“China moved so fast that in some parts of the world there is just too much debt.”

In his first interview after taking over as World Bank president, David Malpass expressed his willingness to work with China to push for high quality development projects and the World Bank’s overriding goal of sustainable development and poverty alleviation.

But he also warned of the risk of sinking into debt for recipient countries who benefited from China’s massive lending.

Although Malpass did not directly accuse China, this statement does belong to a larger discourse of blaming China for debt trapping poor countries for political gain or “grabbing assets,” which has been gaining increasing attention since Beijing rolled out many infrastructure projects in Asia and Africa under the Belt and Road initiative (BRI) framework.

There have been narratives, stories, and emotional accusations. But here is the core question: Where is the hard evidence?

“Just look at the list of countries who are facing a debt crisis, China’s role in their high external debt/GDP ratio is small,” said He Weiwen, a Senior Research fellow at the Chongyang Institute for Financial Studies at Renmin University of China.

One of the examples that has been widely used to prove China is using debt to achieve geopolitical gains is how Sri Lanka had to rent its Hambantota Port to China. But China accounts for only 10 percent of Sri Lanka’s external debt. Even the World Bank has a bigger share of 11 percent.

To blame China for Sri Lanka’s long-term and complicated debt crisis since the 1980s, just because China took over the management of the Hambantota Port, is unjustified to say the least.

In essence, debt is a neutral word in economic terms and can be seen as natural at the initial stage of a country’s development, just like college students take out student loans to pay for their tuition.

Thus, debt itself is hardly a problem to be solved per se. The key is how the money is used to make a wise investment for crucial projects. He Weiwen points out that China itself has abundant experience in utilising the money to help its economy take off.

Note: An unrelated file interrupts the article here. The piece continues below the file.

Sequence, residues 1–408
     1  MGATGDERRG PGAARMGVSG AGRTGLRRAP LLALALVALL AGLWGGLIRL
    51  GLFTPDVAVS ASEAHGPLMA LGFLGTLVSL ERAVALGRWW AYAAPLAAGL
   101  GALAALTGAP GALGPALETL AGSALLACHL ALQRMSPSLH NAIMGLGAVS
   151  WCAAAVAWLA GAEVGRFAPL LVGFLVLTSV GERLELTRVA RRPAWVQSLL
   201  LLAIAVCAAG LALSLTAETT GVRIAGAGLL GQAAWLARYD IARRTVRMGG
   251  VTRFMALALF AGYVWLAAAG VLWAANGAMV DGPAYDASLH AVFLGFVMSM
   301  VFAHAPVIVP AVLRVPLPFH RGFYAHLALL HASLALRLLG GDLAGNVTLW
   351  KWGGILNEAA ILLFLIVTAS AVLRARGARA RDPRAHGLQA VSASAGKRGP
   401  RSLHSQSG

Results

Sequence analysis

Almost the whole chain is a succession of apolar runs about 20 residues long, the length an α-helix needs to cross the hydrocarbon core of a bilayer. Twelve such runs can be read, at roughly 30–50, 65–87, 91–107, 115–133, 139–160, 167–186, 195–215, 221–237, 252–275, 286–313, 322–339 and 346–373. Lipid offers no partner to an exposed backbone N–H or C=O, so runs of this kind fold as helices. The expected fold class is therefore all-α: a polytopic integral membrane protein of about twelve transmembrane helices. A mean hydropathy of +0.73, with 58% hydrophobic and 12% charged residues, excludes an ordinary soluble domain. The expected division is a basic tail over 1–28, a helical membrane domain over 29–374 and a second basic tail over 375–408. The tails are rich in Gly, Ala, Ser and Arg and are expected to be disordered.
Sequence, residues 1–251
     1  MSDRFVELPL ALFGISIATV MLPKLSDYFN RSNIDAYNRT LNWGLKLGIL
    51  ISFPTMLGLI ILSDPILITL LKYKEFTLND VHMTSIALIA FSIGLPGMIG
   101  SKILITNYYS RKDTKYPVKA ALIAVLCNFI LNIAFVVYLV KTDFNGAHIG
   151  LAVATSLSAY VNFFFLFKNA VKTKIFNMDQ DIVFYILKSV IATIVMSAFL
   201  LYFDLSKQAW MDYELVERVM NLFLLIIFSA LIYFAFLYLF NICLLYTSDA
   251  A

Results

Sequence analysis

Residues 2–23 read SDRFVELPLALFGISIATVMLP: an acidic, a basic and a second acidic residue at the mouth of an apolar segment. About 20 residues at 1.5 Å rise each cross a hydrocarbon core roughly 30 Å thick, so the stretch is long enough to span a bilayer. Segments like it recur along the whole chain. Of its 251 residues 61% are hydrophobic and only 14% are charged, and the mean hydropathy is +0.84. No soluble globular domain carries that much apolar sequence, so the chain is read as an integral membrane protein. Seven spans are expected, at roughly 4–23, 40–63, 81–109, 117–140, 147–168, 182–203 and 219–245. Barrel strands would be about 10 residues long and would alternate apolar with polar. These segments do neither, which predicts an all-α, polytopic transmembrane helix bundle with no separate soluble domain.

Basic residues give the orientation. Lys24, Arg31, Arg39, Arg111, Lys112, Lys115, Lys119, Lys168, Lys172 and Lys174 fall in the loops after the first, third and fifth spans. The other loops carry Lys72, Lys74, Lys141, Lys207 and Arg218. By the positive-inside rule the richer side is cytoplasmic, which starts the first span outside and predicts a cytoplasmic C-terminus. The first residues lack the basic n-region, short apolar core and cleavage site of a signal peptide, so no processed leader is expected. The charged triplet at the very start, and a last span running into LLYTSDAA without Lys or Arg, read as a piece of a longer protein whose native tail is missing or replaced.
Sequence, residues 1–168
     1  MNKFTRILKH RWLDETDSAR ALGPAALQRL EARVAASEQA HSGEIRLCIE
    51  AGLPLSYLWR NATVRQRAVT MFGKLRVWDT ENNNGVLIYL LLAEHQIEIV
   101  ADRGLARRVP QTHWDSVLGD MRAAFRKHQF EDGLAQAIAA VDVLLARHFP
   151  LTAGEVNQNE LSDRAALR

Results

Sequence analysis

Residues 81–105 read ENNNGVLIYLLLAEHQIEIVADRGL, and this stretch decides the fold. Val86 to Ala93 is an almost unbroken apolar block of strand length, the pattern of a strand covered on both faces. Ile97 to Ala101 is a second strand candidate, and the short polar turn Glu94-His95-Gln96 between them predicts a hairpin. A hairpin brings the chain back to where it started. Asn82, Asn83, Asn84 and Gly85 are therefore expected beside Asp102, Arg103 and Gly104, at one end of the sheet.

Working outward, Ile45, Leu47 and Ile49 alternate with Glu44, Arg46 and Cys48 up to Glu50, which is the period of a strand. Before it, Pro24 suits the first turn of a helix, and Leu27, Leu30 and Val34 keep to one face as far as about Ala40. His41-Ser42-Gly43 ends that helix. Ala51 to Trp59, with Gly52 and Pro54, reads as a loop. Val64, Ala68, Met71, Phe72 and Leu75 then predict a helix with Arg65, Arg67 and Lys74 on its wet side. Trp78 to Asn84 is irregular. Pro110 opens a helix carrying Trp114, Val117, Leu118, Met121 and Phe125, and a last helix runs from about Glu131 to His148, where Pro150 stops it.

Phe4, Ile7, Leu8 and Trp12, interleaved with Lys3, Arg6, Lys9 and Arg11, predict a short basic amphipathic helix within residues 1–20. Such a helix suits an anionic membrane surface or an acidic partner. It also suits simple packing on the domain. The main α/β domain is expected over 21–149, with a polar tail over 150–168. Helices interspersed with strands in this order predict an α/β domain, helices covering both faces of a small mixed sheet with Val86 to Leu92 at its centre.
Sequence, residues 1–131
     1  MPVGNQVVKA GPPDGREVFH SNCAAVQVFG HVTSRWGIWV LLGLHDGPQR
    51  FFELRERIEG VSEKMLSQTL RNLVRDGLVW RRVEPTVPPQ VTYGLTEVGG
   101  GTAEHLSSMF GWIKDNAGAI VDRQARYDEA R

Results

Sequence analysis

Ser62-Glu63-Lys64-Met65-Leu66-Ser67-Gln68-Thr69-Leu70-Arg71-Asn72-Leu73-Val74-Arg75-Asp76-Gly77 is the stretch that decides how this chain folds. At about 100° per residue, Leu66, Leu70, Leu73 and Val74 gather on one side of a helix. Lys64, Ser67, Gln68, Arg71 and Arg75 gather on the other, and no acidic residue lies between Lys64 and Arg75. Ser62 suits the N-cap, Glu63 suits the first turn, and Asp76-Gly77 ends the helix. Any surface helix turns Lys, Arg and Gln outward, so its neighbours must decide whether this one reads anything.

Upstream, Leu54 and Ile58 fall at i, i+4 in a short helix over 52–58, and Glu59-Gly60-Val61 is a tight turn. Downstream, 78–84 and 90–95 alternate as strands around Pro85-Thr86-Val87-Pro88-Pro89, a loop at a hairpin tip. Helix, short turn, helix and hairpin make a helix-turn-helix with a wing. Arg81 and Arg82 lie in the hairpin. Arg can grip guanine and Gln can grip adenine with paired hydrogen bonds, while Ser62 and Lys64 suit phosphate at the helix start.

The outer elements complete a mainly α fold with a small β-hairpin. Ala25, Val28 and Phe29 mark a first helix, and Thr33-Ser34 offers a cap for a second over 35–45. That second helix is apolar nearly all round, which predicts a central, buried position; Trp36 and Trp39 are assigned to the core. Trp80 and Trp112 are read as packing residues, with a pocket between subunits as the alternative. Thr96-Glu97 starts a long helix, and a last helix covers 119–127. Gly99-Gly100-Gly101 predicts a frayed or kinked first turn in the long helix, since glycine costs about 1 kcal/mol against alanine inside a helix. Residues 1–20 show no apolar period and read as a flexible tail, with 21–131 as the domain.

Since China joined in 1980, the World Bank has provided over 50 billion U.S. dollars in loans and investments, mostly in the form of infrastructure and environmental projects. And China has been successful in carrying out these projects to help poverty alleviation and regional development.

As it moves from a recipient country to a lending country, China understands how money should be spent in the right place to enhance connectivity, thus laying the foundation for regional coordination and economic development. That’s why it is also putting money in long-term investments, building railways, roads and ports in recipient countries.

At the early development stage of a developing country, there surely will be a deficiency of funds to invest in expensive infrastructure projects. China’s loans to these countries can be seen as opportunities, which will come with risks as with stock markets; and China’s experience in development helps to minimise the risk.

“Also, China has been cautious of recipient countries’ debt issue itself,” said Zhao Zifei from the Institute of World Economic Studies, China Institutes of Contemporary International Relations.

“Otherwise, China would have to finally undertake the loss from the debt crisis.” China has been rating the risk of foreign investment and taking commercial interest into account. But as China has been investing heavily in infrastructure projects, it might take longer for them to have a positive effect in the development process of recipient countries.

So instead of focusing on how much money China has lent to other countries, perhaps the new leader of World Bank should ponder how the money can be best used to achieve sustainable development in poorer countries. Such is the way for Malpass to achieve the twin goal of “eliminating extreme poverty and achieving shared prosperity.”